One more ray, the way to unity

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Sen. Richard Gordon (SOTP image)

“The first ray should have been a Muslim ray,” Senator Richard Gordon told the Daily Tribune in a phone interview on Tuesday, Independence Day.

Gordon was referring to the rays of the Sun on the Philippine Flag, which at present count stands at eight, representing the first provinces that revolted against Spain.

For Gordon, principal author of Senate Bill 3307, better known as the Ninth Ray Bill, the contributions of Muslim Filipinos in the fight for independence should be recognized with that ray he wanted added to the eight.

The eight rays represent Batangas, Bulacan, Cavite, Laguna, Manila, Nueva Ecija, Pampanga and Tarlac.

“When you really come down to history, a Muslim called Lapu-Lapu, a Tausug, fought back right away when the Spaniards came. Inherent sa atin (It is inherent in us)…although we just mangled his memory – made him a fish, made him a murderer. He has been demonized throughout history.

“To make a long story short, the Spaniards were never able to command Mindanao,” added Gordon, a History and Government major at the Ateneo de Manila University, who also took up law at the University of the Philippines.

“As early as the 1500s, Sultan Kudarat told the Maranaos – hindi n’yo ba nakikita ang nagyayari sa Tagalog, sa Bisaya (don’t you see what is happening with the Tagalogs and Visayans)? They fought for several years. He united their minds, and he led Mindanao for 50 years – from 1634 to 1668.

“The Muslims were not passive like the Tagalogs and Visayans. There were many of them: Amai Pakpak of Kota Marahui (now known as Camp Amai Pakpak), who led in 1891 and 1895 assaults. They fought against 5,000-strong Spanish forces…Our history is woefully lacking.”

Naming other Muslim heroes who defended against and resisted invasion, fighting for months and conducting raids to defend their territories, Senator Gordon recalled his great-grandfather, who, he claimed, led the first victory of the revolution.

In pushing the addition of a ninth ray, Gordon said the movement was born in 1969 among like-minded brothers at the University of the Philippines where Gordon became a member of the Upsilon Sigma Phi, the oldest Greek letter fraternity in Asia, in 1968.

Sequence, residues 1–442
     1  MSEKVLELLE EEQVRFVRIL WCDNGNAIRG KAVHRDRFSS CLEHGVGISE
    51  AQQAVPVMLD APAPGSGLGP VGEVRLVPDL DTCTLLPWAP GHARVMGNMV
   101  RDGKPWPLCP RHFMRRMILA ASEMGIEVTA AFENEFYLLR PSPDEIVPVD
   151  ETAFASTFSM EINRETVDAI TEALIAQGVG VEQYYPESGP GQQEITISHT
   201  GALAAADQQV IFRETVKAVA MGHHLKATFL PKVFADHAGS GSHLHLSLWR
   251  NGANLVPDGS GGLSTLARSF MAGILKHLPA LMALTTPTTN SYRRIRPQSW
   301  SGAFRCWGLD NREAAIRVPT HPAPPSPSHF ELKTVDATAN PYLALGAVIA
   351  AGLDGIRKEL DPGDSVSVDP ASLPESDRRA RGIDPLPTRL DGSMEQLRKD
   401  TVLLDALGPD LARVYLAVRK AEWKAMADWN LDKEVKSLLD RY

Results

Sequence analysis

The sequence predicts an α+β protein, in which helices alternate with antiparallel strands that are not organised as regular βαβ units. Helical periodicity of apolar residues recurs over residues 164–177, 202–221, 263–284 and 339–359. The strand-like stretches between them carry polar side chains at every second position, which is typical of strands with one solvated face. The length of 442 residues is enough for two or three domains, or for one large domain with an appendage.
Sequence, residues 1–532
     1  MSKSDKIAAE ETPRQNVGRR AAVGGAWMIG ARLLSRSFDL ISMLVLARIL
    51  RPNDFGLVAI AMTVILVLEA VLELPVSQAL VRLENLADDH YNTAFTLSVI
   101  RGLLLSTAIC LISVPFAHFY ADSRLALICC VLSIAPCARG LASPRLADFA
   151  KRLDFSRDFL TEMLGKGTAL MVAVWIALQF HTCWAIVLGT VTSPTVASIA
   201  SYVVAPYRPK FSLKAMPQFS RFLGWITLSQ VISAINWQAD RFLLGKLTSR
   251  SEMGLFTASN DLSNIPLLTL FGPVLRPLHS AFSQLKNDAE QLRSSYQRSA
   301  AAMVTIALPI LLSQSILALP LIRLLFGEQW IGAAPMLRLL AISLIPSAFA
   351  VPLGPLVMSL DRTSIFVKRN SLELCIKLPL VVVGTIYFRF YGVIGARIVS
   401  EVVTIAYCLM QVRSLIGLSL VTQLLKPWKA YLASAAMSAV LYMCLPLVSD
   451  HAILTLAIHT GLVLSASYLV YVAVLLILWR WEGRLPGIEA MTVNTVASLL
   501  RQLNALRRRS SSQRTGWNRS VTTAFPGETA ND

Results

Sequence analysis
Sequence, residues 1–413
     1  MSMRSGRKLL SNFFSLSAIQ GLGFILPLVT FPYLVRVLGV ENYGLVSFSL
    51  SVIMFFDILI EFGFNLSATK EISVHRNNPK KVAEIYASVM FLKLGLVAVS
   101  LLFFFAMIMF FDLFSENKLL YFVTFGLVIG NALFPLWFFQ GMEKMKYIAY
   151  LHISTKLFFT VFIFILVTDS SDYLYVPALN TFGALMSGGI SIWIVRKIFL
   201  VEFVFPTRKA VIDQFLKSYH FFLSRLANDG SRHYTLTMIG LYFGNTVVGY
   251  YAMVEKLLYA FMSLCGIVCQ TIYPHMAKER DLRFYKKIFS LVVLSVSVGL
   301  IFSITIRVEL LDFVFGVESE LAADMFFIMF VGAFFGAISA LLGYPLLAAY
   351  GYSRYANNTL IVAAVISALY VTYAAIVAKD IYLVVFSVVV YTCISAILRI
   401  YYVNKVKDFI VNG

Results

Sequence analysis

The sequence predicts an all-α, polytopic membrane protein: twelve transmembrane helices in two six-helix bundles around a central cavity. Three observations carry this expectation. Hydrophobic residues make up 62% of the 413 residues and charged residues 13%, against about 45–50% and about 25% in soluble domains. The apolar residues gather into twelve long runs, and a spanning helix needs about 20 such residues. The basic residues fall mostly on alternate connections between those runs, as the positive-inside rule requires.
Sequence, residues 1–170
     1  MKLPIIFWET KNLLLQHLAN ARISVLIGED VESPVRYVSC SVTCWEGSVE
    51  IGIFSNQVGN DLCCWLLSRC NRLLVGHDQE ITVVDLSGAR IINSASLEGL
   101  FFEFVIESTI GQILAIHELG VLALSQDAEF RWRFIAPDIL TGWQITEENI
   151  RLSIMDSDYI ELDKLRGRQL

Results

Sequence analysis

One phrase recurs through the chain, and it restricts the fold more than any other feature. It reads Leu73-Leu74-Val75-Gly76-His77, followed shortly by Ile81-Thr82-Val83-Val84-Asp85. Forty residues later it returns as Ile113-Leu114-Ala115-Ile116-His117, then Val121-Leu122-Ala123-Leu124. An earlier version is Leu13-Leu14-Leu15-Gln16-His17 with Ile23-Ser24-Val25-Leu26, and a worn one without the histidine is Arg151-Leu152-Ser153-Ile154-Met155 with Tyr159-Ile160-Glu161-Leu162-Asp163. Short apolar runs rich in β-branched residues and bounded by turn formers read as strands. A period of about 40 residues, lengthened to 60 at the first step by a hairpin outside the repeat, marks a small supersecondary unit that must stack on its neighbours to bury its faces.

Gordon said they called it the Muslim Progress Movement.

Emmanuel L. Osorio, one of Ninth Ray movement’s founders, in an Inquirer report in 2013 explained the movement “believes that the flag must not only portray the freedom the country won through a revolution, but also the freedom that was preserved by Muslims and indigenous peoples.”

Osorio, in the article, added the minority groups were not colonized and must be honored with a symbol like a ninth ray so “we can be one nation.”

“It’s an abberation that only eight rays are in the flag,” Sen. Gordon opined. “My point is, they were not passive. They fought back, and the Moro call was head in many other parts of the country.”

In 2008, Gordon sponsored Senate Bill No. 2590 to introduce a ninth ray to the flag by amending Republic Act No. 8491, also known as the Flag and Heraldic Code of the Philippines.

Gordon’s bill was substituted by Senate Bill No. 3307 sponsored by Sen. Francis Escudero. On its third reading in September 2009, SB 3307 was approved.

The bill was sent to the House of Representatives for concurrence and consolidation with House Bill No. 6424 by the bicameral conference committee.

The Senate and House of Representatives reconciled the versions of Senate Bill 3307 and House Bill 6424, which provides for the inclusion of additional ray in the sun.

Gordon lauded the change, saying it would “foster greater unity among Filipinos regardless of religion” and several Muslim group representatives expressed their “elation.”

“This is a great step in recognizing the fact that we had Muslims such as Lapu-Lapu, Sultan Kudarat, Amai Pakpak, Sorongan, who kept fighting the Spaniards long before this country thought of a revolution against Spain,” he said.

“This would foster unity, make sure that nobody is excluded. If we are to have national unity in this country it must begin in our flag, it must be symbolized in our flag,” Gordon said.

“We take an amendment of the law here, but we actually amend the mindset of our countrymen and bring the nation back to its original posture, one that will not accept tyranny, one that will oppose tyranny. And we should give credit where credit is due,” he added.

‘Colonial hangover’

“Sila ang una (They were the first),” he pointed out. “We excluded them rather than include them.”

Behind the stories of the national heroes who fought for our independence, added Sen. Gordon, lie the stories of our mostly-forgotten Muslim heroes, including Lapu-Lapu, Sultan Kudarat and Rajah Sulayman.

By adding a ninth ray to the sun in the Philippine flag, we not only “acknowledge the courage, bravery and integrity of Muslim Filipinos,” we also “teach our young people that we are a nation, united in our diversity.”

Those who think otherwise, the senator adds, “want more division than unity. They are unenlightened, ignorant.”

Citing an example, the senator asks, “Why did we make lapu-lapu a fish? Why do we say, who ‘killed’ Magellan? Why not ‘defeated’ Magellan? As I said in my message on our 120th Independence Day, we still have a ‘colonial hangover.’”

The senator, in a Facebook post, said: “Today we celebrate the 120th anniversary of our independence and for the past 120 years, we are still inching towards freedom. But what is real independence? Independence is not just a word for commemoration, but a culture of self-help, self-reliance and cooperation.

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